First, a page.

The Kyoto Garden in London’s Holland Park is set aside for quiet and contemplation. I went through the gateway one Sunday morning and soon began to see why. As if I had turned off a motorway into a tranquil rest area, the outside noise dropped instantly away. My breathing slowed and I caught, clearly now, the gentle trill of falling water.
Designed for the 1992 Japan Festival, this is a traditional Japanese ‘stroll garden’ encouraging visitors to move quietly through the landscape, discovering new aspects as they proceed and allowing nature to ‘unscroll’ before them. The key elements are water, rocks, fish, stone ornaments, trees and flowers, all carefully placed to encourage an appreciation of natural beauty and meditation on the wider world, represented here in miniature.
I followed the arrows clockwise round the pond, several koi carp keeping silent pace as I approached the waterfall. My fellow visitors stood or padded by, talking in hushed tones. A young man sat cross-legged, headphones in and contemplating the water, moving every few minutes to catch the sun. A dad in shorts and sunglasses perched on the rocks by the water’s edge, pointing out to the toddler cradled in his arms the multi-coloured shapes gliding below. Even the wildlife here seemed open, receptive and calm.
As the path turned towards the waterfall I had to make a choice about where to place my feet. I stood still for a moment and looked at the smooth surface of the large flat stones ahead, comparing them with the more uneven jumble of smaller ones set alongside. Both paths led to a frothy pool of foam beneath the tumbling water, so this was not about where but how. I was being quietly wrong-footed. The deliberate duplication in garden design was prompting me to stand still and think about my next move.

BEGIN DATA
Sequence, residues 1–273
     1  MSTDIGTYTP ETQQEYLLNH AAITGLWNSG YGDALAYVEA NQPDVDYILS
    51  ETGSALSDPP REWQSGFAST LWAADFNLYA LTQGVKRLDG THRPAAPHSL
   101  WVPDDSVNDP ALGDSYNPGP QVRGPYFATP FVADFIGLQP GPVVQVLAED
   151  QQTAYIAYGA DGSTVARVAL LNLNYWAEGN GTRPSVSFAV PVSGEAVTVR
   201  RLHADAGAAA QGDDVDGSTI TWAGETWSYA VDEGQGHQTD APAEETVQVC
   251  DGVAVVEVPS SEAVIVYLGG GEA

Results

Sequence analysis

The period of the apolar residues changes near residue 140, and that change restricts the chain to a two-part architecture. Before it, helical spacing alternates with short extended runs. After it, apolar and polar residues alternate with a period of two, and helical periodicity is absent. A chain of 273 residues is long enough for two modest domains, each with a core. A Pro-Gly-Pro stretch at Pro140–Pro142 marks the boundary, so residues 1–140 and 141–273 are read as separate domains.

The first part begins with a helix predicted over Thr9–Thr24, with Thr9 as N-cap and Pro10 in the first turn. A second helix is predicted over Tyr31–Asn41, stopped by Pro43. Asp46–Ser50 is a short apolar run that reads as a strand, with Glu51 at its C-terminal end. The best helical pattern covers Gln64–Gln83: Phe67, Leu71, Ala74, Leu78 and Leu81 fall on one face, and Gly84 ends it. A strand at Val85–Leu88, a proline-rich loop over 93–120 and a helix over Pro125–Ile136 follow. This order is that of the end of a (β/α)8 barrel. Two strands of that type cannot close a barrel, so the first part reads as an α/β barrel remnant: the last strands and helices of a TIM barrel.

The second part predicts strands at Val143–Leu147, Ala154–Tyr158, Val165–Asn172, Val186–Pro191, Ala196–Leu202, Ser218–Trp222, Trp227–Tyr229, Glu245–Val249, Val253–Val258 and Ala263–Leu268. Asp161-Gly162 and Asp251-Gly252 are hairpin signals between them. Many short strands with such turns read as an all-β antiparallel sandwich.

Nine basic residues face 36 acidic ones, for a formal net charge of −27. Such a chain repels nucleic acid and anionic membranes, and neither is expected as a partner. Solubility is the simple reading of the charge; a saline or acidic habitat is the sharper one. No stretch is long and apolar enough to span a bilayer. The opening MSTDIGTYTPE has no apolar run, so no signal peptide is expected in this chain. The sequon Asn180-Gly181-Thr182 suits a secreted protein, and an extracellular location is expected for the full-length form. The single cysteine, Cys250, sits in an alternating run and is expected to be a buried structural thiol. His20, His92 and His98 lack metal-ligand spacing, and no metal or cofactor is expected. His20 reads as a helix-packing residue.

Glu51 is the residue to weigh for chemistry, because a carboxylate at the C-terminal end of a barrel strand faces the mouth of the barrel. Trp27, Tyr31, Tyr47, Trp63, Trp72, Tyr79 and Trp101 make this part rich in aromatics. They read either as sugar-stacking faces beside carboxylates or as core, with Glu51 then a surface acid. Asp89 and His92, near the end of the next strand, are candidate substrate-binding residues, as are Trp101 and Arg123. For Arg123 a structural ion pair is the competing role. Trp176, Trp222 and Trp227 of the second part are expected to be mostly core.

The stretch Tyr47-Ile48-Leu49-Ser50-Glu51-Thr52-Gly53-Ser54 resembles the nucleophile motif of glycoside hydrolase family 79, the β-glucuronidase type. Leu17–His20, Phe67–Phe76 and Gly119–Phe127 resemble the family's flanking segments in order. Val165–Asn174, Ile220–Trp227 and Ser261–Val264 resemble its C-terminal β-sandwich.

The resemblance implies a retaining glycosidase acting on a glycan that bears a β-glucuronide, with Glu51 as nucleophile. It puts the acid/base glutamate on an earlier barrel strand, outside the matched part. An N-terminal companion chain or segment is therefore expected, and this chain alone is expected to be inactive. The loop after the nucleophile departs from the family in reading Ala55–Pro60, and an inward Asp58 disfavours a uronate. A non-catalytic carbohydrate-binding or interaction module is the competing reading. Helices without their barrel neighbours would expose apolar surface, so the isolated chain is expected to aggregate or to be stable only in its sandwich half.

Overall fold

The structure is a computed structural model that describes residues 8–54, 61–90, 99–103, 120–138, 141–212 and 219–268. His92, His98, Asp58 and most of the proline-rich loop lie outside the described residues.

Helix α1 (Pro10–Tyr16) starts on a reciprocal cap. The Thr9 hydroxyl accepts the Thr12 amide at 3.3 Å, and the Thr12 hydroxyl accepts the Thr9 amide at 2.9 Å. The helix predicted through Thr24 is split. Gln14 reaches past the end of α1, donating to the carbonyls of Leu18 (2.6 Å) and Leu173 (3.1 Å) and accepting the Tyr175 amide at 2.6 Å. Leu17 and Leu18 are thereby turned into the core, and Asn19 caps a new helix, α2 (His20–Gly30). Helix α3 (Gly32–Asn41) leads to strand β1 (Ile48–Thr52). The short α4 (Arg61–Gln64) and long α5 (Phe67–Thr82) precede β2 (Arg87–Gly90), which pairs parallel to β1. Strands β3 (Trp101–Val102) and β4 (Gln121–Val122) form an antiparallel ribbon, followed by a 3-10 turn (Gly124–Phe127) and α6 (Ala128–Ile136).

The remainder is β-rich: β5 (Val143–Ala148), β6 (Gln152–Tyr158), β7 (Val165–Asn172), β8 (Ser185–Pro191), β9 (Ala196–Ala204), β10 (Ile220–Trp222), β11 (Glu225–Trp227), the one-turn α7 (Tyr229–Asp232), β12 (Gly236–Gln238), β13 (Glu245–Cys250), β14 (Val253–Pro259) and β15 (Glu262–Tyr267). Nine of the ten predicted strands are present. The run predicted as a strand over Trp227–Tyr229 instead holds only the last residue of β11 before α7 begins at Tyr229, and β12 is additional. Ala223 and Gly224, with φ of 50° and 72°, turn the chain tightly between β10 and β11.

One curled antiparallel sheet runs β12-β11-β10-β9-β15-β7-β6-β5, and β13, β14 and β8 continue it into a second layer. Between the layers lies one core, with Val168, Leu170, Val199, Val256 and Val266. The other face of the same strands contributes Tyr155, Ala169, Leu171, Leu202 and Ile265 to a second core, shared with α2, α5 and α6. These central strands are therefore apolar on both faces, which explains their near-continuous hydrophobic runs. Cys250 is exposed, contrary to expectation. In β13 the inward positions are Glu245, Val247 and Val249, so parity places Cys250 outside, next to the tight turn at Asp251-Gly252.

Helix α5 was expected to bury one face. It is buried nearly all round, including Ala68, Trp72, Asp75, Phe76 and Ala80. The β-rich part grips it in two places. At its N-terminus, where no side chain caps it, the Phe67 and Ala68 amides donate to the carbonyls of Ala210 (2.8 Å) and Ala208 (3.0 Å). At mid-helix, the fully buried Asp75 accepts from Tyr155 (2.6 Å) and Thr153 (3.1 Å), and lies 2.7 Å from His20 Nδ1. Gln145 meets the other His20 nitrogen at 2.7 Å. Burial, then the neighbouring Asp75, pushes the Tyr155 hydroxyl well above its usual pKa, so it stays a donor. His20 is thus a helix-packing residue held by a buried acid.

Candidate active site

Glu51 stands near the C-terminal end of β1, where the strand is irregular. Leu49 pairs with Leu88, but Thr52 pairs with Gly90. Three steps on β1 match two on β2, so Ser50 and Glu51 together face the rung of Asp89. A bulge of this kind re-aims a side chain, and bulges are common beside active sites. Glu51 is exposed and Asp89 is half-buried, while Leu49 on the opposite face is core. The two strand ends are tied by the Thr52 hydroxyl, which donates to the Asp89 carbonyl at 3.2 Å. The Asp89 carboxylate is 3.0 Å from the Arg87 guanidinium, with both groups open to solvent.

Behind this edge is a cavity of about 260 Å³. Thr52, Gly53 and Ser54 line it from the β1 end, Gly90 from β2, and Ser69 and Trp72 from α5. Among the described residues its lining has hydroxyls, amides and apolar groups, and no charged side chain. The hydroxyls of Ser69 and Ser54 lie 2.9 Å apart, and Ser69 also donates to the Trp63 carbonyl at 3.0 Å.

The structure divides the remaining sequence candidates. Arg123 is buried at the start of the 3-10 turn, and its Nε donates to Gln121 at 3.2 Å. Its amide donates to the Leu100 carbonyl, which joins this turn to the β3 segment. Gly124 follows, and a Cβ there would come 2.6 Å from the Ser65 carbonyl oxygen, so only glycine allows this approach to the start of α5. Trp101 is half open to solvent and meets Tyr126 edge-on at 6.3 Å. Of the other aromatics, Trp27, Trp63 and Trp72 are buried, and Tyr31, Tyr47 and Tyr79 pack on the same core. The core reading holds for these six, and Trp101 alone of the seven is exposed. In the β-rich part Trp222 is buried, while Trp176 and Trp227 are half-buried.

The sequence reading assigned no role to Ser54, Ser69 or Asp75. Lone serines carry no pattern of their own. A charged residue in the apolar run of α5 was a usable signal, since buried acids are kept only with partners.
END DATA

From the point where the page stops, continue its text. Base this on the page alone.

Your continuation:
Those large flat stones underfoot would give confidence and I could walk purposefully, looking out and ahead at the next view. But putting my feet on the smaller ones would mean glancing down, away from the garden, going more slowly and thoughtfully before reaching the water’s edge. One was not better than the other – the point was to have a deliberate moment of stillness and choice before launching into movement. How I moved and what I experienced would be different depending on my decision.
The Kyoto Garden encouraged me to be still, though not static. I had to keep moving but be thoughtful about it, senses heightened, aware of myself and what and who was around me. I needed to allow the landscape to unfold, in a quietly active way and be open to surprises. The narrow path was circular so I could go round as often as I liked seeing it differently each time. And time itself became a thread in the natural tapestry as reflections and shadows and people changed over the morning. It felt good to be in an outdoor space that respected and promoted stillness, sensory awareness and conscious movement.
My own capacity for all these things is growing. I’m learning to quieten my thoughts and reactions so that through stillness I have the choice of which path to take. In movement I’m more able to stop at any point and remain integrated and in balance. And as I become more able to stay calmly within myself my field of awareness is widening and deepening, which in turn makes movement flow more easily. The stroll garden reflected me back to myself. At the change of seasons I’ll return and be still and move through it once again.